Communication is vitally important to building community. Despite this, we are often dreadfully uncreative when it comes to communicating with one another. In institutions and workplaces, meetings often prevail as the dominant form of communication. Our obsession with meetings has extended from the workplace into neighbourhoods as residents meet to create green maps, healthy community initiatives, or plan their next event.
Meetings have their place. In fact, I openly admit that I love meetings. Perhaps it is the face-to-face contact, in a world increasingly reliant on online communication. Perhaps it is because I have spent a good part of my life in communities that emphasize participatory democracy – which more often than not seems to mean meeting to create a lot of committees…that hold more meetings.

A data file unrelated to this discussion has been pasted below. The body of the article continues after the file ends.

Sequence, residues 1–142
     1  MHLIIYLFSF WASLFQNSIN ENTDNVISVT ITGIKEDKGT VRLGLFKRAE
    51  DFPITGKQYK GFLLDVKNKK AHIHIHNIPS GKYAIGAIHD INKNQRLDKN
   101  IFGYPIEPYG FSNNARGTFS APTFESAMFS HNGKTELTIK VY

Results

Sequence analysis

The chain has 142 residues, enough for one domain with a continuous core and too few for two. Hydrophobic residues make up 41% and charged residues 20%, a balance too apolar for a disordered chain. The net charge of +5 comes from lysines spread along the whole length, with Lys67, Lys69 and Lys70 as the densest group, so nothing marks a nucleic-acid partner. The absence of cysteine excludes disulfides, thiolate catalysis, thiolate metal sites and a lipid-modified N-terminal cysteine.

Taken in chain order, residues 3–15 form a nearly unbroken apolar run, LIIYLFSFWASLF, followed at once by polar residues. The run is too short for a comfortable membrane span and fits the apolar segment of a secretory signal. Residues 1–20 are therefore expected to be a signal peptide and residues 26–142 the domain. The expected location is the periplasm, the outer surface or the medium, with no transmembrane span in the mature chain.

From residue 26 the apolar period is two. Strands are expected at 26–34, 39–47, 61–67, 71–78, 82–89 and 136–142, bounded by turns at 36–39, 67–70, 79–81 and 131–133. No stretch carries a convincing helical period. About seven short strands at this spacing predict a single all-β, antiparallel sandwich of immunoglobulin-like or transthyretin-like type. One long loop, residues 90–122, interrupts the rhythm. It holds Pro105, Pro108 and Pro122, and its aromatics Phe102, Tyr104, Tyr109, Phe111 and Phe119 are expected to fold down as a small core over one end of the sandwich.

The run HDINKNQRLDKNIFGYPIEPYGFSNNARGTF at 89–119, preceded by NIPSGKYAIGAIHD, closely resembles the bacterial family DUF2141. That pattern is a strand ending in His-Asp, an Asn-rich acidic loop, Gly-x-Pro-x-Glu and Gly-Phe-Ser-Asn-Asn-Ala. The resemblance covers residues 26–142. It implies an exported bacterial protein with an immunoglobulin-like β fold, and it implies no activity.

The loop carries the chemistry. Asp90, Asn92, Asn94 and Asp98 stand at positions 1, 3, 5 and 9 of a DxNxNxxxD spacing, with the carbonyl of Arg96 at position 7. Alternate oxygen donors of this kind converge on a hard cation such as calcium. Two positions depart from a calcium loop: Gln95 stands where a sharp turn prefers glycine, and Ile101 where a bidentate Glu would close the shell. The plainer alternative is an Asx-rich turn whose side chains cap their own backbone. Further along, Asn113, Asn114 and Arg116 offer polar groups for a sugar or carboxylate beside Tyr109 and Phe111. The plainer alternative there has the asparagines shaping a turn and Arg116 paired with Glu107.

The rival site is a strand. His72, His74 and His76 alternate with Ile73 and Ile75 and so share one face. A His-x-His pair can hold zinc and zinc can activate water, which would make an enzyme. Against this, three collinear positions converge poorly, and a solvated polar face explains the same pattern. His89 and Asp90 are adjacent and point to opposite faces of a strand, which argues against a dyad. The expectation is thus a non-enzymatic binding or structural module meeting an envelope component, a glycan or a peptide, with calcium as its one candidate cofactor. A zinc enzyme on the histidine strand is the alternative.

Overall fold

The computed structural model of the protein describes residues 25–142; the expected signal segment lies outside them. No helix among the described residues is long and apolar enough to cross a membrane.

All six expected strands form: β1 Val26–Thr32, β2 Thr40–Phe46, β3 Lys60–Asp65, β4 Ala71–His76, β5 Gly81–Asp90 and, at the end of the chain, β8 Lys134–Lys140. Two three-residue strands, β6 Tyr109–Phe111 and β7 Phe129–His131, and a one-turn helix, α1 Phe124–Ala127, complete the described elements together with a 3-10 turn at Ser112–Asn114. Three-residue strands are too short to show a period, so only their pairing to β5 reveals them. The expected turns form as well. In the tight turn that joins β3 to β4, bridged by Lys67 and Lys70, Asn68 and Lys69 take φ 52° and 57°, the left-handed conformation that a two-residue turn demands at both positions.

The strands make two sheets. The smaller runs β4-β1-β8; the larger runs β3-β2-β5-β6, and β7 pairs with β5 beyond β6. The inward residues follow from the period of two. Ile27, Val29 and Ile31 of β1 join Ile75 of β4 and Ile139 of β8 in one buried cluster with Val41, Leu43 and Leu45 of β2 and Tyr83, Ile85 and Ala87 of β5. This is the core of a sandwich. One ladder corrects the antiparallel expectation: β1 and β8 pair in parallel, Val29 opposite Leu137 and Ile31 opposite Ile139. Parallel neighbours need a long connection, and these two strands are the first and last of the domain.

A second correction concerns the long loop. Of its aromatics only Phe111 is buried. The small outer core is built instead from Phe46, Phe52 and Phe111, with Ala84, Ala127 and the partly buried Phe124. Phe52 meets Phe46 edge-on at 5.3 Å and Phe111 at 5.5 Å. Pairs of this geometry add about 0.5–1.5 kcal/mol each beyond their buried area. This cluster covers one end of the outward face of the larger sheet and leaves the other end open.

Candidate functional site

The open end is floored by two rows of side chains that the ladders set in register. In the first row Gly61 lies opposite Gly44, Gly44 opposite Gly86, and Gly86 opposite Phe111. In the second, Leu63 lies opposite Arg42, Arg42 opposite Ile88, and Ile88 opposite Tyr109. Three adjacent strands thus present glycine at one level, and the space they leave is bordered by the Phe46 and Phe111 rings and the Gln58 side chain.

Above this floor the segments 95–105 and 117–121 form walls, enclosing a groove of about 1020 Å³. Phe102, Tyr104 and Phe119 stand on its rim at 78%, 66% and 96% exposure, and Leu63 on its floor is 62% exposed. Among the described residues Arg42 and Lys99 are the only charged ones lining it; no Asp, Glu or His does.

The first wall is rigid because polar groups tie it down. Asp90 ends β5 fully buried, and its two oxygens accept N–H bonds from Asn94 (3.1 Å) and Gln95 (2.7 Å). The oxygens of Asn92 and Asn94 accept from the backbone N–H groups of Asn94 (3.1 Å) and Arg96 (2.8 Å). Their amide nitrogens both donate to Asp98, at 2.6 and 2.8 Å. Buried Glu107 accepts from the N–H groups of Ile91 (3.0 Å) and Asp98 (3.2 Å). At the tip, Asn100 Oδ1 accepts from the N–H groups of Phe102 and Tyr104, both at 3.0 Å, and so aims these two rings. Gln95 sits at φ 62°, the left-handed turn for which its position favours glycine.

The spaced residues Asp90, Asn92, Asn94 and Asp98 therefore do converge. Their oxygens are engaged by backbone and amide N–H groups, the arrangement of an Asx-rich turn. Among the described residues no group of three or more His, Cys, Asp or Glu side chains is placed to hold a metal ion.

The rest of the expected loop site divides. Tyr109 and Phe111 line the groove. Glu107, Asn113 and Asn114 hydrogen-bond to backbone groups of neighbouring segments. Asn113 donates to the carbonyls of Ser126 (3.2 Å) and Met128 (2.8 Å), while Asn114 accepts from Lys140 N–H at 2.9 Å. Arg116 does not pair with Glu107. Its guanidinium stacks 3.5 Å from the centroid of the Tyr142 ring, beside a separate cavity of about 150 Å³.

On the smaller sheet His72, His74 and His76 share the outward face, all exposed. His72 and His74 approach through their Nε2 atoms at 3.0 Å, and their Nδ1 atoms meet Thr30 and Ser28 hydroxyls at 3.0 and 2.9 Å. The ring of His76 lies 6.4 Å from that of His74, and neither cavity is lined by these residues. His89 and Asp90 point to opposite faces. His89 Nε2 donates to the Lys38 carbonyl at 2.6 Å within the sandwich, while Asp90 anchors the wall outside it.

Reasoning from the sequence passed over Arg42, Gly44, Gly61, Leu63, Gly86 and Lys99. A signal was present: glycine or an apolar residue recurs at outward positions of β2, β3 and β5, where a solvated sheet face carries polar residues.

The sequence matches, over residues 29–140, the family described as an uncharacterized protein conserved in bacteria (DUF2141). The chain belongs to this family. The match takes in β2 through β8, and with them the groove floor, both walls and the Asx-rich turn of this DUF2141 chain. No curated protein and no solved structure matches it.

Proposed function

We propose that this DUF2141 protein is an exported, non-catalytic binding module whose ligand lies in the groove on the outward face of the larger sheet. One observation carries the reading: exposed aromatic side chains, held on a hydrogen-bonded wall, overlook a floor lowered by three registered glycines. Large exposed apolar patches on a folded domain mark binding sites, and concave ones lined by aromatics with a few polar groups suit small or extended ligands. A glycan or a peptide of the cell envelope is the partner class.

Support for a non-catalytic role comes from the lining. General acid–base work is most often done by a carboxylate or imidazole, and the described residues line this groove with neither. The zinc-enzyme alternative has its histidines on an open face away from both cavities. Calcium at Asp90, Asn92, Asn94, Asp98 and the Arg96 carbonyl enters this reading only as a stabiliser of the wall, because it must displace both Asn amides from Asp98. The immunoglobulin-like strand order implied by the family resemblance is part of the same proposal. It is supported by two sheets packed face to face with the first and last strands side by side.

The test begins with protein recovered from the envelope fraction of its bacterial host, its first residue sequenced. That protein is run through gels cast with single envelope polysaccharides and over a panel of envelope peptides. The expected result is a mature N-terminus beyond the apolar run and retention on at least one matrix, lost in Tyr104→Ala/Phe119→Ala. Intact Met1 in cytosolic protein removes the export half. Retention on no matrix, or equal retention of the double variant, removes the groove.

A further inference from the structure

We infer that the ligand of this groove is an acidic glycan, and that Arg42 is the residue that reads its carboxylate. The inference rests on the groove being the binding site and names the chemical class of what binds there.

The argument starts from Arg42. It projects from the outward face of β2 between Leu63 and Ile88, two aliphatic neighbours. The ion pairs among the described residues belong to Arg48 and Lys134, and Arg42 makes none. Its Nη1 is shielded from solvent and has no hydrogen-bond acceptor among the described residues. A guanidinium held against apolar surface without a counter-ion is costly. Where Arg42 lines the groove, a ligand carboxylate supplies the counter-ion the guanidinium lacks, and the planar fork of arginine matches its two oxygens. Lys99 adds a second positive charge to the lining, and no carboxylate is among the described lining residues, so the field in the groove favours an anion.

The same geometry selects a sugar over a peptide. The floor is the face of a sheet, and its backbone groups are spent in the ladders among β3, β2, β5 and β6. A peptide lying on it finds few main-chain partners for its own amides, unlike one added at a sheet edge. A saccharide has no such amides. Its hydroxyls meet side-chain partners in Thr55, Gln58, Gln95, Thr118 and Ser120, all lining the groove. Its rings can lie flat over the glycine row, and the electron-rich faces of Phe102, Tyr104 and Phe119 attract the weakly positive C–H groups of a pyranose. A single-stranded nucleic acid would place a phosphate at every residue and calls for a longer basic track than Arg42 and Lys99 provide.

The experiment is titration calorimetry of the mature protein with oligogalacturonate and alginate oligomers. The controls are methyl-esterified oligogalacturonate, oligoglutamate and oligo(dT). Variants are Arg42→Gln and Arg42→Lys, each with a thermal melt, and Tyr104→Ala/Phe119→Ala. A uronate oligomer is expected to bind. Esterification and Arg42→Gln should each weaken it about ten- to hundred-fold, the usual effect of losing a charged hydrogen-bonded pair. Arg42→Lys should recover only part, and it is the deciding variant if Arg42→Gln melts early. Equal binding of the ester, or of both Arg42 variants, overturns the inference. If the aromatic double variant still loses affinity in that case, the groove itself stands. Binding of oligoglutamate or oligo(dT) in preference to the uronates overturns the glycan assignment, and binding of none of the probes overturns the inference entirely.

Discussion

Nevertheless, meetings are limited in their usefulness. They often encourage participants to be relatively passive, often reinforce existing power structures, and are rarely physically structured in an inviting manner. In addition, meetings promote a particular way of thinking and acting. I wonder if we should try a completely different approach to conveying our thoughts, feelings and proposals. Instead of meetings filled with rules of order, noisy discussions, or ill-prepared statements, what if we took an approach that encouraged more reflection? For example, could poetry serve as a way to communicate with one-another in a more thoughtful manner? Would it force us to be more selective about what we say and therefore perhaps allow for deeper communication? Would it mean that we need to create more time for silent reflection and preparation?